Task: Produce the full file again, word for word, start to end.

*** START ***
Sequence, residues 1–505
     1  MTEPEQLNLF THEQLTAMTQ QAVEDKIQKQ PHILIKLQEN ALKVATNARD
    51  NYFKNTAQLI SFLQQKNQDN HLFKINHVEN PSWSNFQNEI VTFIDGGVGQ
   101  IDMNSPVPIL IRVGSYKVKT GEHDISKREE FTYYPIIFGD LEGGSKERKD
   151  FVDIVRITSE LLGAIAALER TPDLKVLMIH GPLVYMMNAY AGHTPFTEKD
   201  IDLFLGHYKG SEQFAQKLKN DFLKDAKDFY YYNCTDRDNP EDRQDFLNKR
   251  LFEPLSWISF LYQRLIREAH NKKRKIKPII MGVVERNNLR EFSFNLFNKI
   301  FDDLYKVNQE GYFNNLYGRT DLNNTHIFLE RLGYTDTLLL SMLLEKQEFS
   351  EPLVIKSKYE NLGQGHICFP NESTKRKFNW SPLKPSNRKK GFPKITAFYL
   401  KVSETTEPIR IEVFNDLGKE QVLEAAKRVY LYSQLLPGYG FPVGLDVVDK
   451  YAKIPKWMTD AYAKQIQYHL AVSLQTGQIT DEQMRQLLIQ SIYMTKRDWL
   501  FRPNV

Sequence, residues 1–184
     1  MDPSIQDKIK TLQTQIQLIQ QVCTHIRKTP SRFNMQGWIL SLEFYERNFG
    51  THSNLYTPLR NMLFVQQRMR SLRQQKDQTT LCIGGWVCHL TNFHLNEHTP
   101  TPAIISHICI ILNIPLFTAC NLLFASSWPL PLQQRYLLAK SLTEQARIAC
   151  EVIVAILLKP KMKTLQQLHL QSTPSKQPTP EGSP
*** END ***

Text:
Sequence, residues 1–505
     1  MTEPEQLNLF THEQLTAMTQ QAVEDKIQKQ PHILIKLQEN ALKVATNARD
    51  NYFKNTAQLI SFLQQKNQDN HLFKINHVEN PSWSNFQNEI VTFIDGGVGQ
   101  IDMNSPVPIL IRVGSYKVKT GEHDISKREE FTYYPIIFGD LEGGSKERKD
   151  FVDIVRITSE LLGAIAALER TPDLKVLMIH GPLVYMMNAY AGHTPFTEKD
   201  IDLFLGHYKG SEQFAQKLKN DFLKDAKDFY YYNCTDRDNP EDRQDFLNKR
   251  LFEPLSWISF LYQRLIREAH NKKRKIKPII MGVVERNNLR EFSFNLFNKI
   301  FDDLYKVNQE GYFNNLYGRT DLNNTHIFLE RLGYTDTLLL SMLLEKQEFS
   351  EPLVIKSKYE NLGQGHICFP NESTKRKFNW SPLKPSNRKK GFPKITAFYL
   401  KVSETTEPIR IEVFNDLGKE QVLEAAKRVY LYSQLLPGYG FPVGLDVVDK
   451  YAKIPKWMTD AYAKQIQYHL AVSLQTGQIT DEQMRQLLIQ SIYMTKRDWL
   501  FRPNV

Sequence, residues 1–184
     1  MDPSIQDKIK TLQTQIQLIQ QVCTHIRKTP SRFNMQGWIL SLEFYERNFG
    51  THSNLYTPLR NMLFVQQRMR SLRQQKDQTT LCIGGWVCHL TNFHLNEHTP
   101  TPAIISHICI ILNIPLFTAC NLLFASSWPL PLQQRYLLAK SLTEQARIAC
   151  EVIVAILLKP KMKTLQQLHL QSTPSKQPTP EGSP